We took off from Tuolumne with some regret, and headed to Yosemite Valley, hoping we wouldn’t have to follow the loop road around. Thankfully we didn’t but I begged for a stop at tunnel view, as the light was very pretty. It’s certainly one of the most photographed views in Yosemite, but that doesn’t make it any less gorgeous! Unfortunately on the drive down from there, the low tire pressure light came on again. This was not good. I was at the wheel and knew there was a gas station at Wawona. When we got there, the air pump needed to be turned on and there was no one inside the gas station (though the gas pumps still worked). I checked my tire pressure and it was at 21 PSI again. We just wanted to get to Oakhurst and I’d get the leak patched (or buy new tires). It made for a slightly nerve wracking drive down (with us keeping an eye out for gas stations along the way) but we finally made it to a Chevron with a hightech but working air station. My tire pressure seemed to have held, as it was still at 21 psi according to the fancy air pump machine. I filled up the tire and drove the thankfully short distance to our hosts’ place in Oakhurst. Safely at their place I got out of the car and heard a hissing sound. That was new! I could tell the tire was going to be flat by morning. I had just bought this set of tires, less than 2 years ago. Darn luck!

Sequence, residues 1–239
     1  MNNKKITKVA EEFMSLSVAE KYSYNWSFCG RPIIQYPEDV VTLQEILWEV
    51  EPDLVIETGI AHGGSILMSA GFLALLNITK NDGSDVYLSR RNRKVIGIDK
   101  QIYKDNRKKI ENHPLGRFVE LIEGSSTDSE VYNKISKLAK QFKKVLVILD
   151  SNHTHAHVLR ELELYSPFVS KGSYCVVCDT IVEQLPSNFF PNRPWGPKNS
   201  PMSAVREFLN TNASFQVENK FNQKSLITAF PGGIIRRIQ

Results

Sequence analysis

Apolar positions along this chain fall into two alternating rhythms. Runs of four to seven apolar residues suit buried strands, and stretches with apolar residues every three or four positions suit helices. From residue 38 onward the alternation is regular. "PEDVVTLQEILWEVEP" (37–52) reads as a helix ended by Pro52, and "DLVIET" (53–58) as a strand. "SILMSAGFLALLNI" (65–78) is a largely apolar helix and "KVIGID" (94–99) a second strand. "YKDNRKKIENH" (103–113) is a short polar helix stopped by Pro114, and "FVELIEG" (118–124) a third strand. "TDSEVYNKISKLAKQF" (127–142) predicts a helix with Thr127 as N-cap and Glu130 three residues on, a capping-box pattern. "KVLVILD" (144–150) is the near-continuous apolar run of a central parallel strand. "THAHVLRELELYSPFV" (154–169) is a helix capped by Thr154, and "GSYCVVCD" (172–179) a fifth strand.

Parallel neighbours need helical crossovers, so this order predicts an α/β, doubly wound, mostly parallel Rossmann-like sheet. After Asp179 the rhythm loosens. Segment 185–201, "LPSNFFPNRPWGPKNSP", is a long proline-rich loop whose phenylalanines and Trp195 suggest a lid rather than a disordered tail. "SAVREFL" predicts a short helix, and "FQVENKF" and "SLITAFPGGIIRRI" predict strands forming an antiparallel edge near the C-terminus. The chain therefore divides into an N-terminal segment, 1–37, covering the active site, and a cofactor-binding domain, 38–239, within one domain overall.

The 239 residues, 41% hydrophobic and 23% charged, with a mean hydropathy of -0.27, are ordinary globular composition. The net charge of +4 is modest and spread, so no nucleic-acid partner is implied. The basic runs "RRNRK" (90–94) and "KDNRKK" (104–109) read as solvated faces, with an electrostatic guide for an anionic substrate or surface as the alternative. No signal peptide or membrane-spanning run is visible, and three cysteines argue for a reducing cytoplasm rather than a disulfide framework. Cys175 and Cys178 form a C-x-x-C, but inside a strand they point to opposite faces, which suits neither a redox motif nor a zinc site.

Coming… PART II, in which I inexplicably get my nerve back and experience some “firsts”

Below: Gallery of Day 1 and Day 2 trip photos featuring a mix of my professional photography shots, camera phone, or GoPro shots, and shots by Vina Lustado (those taken with me in them except for my GoPro timed photos of Shark’s Fin). Photo of Vina and me in yoga poses by unknown photographer from LA (one of the guys being guided).